Alastair LockwoodBiography

Prior to 94, my artistic history was fairly ordinary. At aged 9 (ish), I caught the attention of an art teacher who thought I may have something creative within. Fortunately my parents were liberal minded and encouraged me to pursue this 'less serious' form of education.

Obligatory O's and A's were passed. Then followed a foundation year at Middx university, which was a great experience apart from the career advice I received at the end. It would be easy and comforting to place the blame on my course tutors for pointing me in the direction of Graphic design but also unfair.

Frankly I must have been a nightmare student. Quiet, shy and totally lacking ambition, direction or confidence ( on-going problems if I'm honest albeit less severe) Thus it was I embarked on a Graphic design degree. The course was okay for the first few months but as time passed it became very apparent that Graphic design had little to do with producing finished fine artwork and was certainly not for me.

After months of inner questioning and anguish, just weeks before the finals, I left and promptly plunged into depression.

Alastair Lockwood - Flowering LilliesFor a while I wallowed in self-pity, disappointment and negativety. A few timely 'kicks up the backside' from key friends and family got me going again, however, any artistic inspiration remained dormant for several years. I didn't so much as doodle a funny face on the back of a phone book, until one particular day in the summer of 94.

At the time I was a self employed window cleaner and not for the first time that summer, I found myself at home boredly staring out of the window at dark skies and torrential rain. Not exactly squeegee and ladder weather!

As I stared aimlessly through the glass, a sudden urge to do something creative grew within, although I wasn't quite sure what? Most of my art materials had been thrown out years before but amongst the left overs was a box of pencils and some decent paper.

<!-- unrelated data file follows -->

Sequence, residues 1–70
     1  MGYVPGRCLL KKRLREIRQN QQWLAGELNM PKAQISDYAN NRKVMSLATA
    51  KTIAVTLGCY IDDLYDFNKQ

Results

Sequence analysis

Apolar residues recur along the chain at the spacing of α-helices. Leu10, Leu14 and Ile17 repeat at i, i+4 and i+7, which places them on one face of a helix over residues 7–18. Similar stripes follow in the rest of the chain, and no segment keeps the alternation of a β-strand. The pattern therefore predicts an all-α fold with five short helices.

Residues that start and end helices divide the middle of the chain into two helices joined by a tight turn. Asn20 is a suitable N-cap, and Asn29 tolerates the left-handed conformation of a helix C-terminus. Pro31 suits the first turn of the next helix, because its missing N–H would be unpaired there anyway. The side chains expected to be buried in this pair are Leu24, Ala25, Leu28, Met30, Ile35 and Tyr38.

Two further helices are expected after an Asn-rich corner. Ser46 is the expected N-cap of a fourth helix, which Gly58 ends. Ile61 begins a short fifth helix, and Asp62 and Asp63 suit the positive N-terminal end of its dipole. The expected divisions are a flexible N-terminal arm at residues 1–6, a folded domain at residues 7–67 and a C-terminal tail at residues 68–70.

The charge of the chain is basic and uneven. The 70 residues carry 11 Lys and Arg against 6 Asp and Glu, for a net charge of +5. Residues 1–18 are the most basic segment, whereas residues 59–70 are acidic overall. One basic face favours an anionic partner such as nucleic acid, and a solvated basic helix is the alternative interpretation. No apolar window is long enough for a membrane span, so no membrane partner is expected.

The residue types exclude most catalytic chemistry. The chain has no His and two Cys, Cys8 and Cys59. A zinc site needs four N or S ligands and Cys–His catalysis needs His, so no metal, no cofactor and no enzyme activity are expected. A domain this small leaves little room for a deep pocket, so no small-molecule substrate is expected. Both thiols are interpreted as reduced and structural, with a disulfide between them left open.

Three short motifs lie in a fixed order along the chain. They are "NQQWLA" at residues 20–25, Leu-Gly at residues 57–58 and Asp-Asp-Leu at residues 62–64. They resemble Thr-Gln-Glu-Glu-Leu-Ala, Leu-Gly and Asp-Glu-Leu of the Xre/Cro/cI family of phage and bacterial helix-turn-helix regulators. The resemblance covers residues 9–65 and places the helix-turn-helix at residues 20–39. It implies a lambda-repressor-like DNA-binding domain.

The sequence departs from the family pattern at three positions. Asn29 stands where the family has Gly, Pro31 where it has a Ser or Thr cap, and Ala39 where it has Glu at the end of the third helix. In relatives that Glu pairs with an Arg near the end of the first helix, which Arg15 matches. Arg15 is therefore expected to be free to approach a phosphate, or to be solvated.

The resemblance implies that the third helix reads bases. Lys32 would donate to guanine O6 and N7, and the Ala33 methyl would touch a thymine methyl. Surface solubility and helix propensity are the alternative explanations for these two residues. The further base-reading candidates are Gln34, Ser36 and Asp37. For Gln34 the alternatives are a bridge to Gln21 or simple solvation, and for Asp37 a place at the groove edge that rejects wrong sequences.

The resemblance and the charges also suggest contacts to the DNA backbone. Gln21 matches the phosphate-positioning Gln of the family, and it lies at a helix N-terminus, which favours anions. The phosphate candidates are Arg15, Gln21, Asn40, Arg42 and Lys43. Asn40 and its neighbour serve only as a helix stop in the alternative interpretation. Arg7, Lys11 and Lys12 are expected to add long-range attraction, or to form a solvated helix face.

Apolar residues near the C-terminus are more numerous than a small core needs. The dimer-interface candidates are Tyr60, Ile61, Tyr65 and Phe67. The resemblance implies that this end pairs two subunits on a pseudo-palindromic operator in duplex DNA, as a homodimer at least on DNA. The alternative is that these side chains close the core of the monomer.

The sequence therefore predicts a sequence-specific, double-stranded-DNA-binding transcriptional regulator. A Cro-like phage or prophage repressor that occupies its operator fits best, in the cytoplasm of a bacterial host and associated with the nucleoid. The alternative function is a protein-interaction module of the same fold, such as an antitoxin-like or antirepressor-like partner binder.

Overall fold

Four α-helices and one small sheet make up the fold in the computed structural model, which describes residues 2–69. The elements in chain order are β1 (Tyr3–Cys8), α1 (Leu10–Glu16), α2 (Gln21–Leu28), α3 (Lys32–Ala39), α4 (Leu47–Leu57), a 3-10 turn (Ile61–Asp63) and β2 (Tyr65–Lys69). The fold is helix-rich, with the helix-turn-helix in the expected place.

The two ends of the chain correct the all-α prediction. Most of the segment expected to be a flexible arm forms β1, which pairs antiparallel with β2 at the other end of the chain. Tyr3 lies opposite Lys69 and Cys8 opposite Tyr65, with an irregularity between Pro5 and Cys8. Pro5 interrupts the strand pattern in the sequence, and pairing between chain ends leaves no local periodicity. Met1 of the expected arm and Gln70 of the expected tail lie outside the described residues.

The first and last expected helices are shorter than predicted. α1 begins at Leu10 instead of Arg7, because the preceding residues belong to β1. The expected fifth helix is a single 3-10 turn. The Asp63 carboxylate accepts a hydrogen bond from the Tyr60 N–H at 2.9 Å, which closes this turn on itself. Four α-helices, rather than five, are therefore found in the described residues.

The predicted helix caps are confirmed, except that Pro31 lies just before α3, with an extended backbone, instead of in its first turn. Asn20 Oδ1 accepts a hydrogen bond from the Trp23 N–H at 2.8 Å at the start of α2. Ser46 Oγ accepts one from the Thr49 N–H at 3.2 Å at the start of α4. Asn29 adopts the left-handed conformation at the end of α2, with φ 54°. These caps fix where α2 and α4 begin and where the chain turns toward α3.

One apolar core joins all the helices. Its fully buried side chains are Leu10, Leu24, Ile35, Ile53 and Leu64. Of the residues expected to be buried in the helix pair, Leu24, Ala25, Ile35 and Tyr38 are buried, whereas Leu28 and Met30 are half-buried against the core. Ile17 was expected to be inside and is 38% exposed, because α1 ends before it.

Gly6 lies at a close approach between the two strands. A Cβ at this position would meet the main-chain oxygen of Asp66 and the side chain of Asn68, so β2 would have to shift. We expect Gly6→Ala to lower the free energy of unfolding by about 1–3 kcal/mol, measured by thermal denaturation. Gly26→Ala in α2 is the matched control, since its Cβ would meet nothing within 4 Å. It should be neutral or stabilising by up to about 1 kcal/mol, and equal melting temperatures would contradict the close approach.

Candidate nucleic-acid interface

A well meaning relative had given me the pencils during my A' levels. I remember thinking then what a naff gift, practically useless. They had been destined for the bin but probably for reasons of conscience, they never quite made it that far. Thankfully!

Some 12 years after being given the pencils, I finally opened the box with the intention of using them for their designated purpose.

Through rustiness and lack of imagination all I could think to do was simply copy a favourite photo from my fishing album of me holding a carp.

45 hours later I stared in curious amazement at the image I had produced with these 'useless' pencils. It was real, credible and far removed from anything I had produced before, but why?

Apart from planning other work and sketching, pencil hadn't appealed to me before. Pencil work in life classes had been a struggle, still life had bored me to tears and it had never crossed my mind to try coloured pencil.

So why, within a few minutes of commencing the self-portrait, had I become so totally fasinated and engrossed despite it being such hard work? I have no answer but it had been so fulfilling and rewarding that I eagerly started the next.

For 2 years I carried on copying photographs, producing numerous pictures for friends and family as birthday/Xmas gifts.

A basic understanding of how to use the pencils formed and a methodical approach to drawing began to emerge.

In 97 someone had shown one of my pictures to a gallery owner in Norfolk. He was surprised that any such work could be produced using cp and convinced me that it would sell like hot cakes in his gallery but only if it was of local scenes that he could sell to the tourists. Abandoning all rational thinking, I quit my job and dashed around the north Norfolk coast with my camera obtaining umpteen photographs to work from. In 8 weeks around a dozen pictures rolled off the production line, framed and ready for sale....and I was shattered!